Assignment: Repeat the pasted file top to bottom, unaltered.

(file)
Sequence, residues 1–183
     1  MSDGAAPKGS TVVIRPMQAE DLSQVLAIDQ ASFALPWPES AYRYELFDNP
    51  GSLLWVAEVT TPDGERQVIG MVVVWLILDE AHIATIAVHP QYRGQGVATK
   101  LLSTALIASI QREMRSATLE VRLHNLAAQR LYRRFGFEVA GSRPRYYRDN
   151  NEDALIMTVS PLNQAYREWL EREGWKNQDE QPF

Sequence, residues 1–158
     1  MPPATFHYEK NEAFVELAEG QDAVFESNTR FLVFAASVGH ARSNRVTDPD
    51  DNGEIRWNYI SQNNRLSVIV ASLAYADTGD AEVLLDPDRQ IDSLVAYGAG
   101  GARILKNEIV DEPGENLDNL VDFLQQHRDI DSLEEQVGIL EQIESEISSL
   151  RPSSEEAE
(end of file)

Sequence, residues 1–183
     1  MSDGAAPKGS TVVIRPMQAE DLSQVLAIDQ ASFALPWPES AYRYELFDNP
    51  GSLLWVAEVT TPDGERQVIG MVVVWLILDE AHIATIAVHP QYRGQGVATK
   101  LLSTALIASI QREMRSATLE VRLHNLAAQR LYRRFGFEVA GSRPRYYRDN
   151  NEDALIMTVS PLNQAYREWL EREGWKNQDE QPF

Sequence, residues 1–158
     1  MPPATFHYEK NEAFVELAEG QDAVFESNTR FLVFAASVGH ARSNRVTDPD
    51  DNGEIRWNYI SQNNRLSVIV ASLAYADTGD AEVLLDPDRQ IDSLVAYGAG
   101  GARILKNEIV DEPGENLDNL VDFLQQHRDI DSLEEQVGIL EQIESEISSL
   151  RPSSEEAE